The former U.S. Attorney for the Northern District of Alabama is joining the University of Alabama School of Law as a distinguished visiting lecturer in August.
Joyce White Vance, a President Barack Obama appointee, voluntarily retired the day before President Donald Trump’s Jan. 20 inauguration and was not among the 46 holdover U.S. attorneys fired by Trump on March 10.
But she’ll have plenty of company from former federal prosecutors in her position in legal education. Three of the recently ousted U.S. attorneys have found refuge in law schools, while a fourth who also stepped down prior to Trump’s inauguration has similarly joined a law faculty.
Law schools are generally viewed as a comfortable way-station for former government lawyers while they plan their next steps—be that a lucrative Big Law career, a run for public office or other endeavors.
Vance, who was appointed in 2009, will teach criminal justice reform, civil rights and criminal procedure, the school said this week.
“I’m honored to be able to work with students who will shape the future of the legal profession and our communities and to share my experience, which underlines the critical importance of the rule of law, with them,” Vance said in a written statement. “I look forward to the opportunity to continue to make a contribution to important issues of social justice, criminal justice reform, civil rights and good government.”
Vance obtained her law degree from the University of Virginia School of Law. As U.S. attorney, she investigated Alabama’s prisons and successfully challenged a state anti-immigration bill that would have prevented undocumented immigrants from receiving any form of state or local benefits.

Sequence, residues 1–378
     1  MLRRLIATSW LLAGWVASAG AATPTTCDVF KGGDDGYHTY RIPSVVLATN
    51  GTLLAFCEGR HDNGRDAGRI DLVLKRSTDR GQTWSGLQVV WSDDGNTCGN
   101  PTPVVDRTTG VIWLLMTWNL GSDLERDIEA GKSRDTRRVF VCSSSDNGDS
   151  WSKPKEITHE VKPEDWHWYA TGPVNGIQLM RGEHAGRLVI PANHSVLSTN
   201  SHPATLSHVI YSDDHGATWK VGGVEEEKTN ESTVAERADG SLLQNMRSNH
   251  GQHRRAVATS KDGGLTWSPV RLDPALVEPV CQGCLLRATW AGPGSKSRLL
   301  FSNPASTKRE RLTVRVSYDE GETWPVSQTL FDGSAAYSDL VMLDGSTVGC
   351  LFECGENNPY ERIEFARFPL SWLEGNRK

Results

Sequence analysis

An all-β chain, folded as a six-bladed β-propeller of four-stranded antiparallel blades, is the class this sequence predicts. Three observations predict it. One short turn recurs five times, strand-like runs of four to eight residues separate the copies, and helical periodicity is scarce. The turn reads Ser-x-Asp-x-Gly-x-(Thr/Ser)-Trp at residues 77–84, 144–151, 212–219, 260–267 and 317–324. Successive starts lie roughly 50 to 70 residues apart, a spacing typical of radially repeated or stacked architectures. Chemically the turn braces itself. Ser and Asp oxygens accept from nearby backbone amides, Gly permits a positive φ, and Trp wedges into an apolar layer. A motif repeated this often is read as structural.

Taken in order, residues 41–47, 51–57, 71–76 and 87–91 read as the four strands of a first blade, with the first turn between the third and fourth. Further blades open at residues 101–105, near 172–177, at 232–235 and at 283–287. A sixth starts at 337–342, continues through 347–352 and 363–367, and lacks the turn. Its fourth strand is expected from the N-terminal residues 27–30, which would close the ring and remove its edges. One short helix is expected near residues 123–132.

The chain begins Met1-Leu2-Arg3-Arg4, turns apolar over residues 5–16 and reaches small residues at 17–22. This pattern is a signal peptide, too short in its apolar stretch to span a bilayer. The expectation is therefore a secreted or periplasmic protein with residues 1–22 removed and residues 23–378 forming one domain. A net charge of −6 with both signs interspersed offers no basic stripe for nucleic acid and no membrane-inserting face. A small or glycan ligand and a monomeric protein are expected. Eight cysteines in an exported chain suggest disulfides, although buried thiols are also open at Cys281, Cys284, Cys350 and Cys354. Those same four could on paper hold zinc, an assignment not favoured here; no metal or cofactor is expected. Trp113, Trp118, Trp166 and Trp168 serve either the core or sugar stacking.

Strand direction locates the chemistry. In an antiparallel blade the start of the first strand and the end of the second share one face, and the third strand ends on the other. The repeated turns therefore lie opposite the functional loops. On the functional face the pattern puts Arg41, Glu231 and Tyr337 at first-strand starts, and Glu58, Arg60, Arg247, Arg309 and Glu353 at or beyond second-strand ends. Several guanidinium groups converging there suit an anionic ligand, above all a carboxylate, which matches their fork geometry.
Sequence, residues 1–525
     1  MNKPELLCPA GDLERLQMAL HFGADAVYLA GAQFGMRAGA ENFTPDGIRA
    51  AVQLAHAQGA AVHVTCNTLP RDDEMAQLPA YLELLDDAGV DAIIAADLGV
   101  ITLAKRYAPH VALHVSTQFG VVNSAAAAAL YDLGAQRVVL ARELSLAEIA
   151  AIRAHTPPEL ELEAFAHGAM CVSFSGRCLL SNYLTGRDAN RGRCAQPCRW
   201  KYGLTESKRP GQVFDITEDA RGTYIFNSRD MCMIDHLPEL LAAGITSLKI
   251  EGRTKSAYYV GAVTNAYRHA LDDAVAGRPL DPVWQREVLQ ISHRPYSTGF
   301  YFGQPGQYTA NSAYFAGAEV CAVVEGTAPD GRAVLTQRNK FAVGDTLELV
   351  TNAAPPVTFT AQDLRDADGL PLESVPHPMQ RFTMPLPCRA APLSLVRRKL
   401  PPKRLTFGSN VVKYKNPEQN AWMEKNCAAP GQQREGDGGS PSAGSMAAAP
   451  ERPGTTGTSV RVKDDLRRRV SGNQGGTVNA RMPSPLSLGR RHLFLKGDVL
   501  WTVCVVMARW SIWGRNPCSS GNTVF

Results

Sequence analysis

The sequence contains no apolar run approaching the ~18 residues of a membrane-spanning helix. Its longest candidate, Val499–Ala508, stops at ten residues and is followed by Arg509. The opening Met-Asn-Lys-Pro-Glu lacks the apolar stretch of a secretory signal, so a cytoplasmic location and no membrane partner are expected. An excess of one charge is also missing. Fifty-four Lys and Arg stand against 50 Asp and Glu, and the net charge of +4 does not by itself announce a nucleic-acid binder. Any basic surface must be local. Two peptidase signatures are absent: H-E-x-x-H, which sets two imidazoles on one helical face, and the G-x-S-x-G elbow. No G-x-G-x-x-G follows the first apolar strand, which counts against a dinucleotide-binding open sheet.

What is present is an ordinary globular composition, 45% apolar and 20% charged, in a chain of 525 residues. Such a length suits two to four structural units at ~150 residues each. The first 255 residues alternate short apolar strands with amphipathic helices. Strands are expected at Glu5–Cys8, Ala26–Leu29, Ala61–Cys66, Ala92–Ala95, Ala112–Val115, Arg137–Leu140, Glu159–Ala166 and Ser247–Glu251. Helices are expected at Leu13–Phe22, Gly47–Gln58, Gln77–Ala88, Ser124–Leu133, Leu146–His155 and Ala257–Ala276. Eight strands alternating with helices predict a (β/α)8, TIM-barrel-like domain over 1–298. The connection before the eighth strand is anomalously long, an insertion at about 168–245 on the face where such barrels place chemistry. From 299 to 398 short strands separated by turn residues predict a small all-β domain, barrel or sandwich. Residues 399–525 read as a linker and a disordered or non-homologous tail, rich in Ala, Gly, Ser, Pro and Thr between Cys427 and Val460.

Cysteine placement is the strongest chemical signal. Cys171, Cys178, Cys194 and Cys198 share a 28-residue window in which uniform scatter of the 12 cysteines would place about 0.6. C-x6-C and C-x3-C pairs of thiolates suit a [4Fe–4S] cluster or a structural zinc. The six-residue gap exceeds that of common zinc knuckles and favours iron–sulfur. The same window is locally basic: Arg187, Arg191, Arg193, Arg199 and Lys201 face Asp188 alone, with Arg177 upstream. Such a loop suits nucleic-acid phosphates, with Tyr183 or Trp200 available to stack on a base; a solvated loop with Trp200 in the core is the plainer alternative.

“Her knowledge and experience—both as U.S. attorney and in private practice—will make her a valuable presence in the classroom and a tremendous resource for our students,” said Alabama Law Dean Mark Brandon.
Barbara McQuade, former U.S. Attorney for the Eastern District of Michigan, was the first of the ousted federal prosecutors to join a law school. Just four days after being fired, she was named a “professor from practice” at the University of Michigan Law School. Later that week, Paul Fishman, former U.S Attorney for the District of New Jersey, joined Seton Hall University School of Law.
New York University School of Law then announced that Preet Bharara, former U.S. Attorney for the Southern District of New York and perhaps the most high-profile of the fired prosecutors, would join the school as a scholar in residence on April 1.
The first of the newest crop of former federal prosecutors to head to law schools was David Hickton, the former U.S. Attorney for the Western District of Pennsylvania. He resigned in November and two months later accepted a position at the University of Pittsburgh School of Law.
Contact Karen Sloan at firstname.lastname@example.org. On Twitter: @KarenSloanNLJ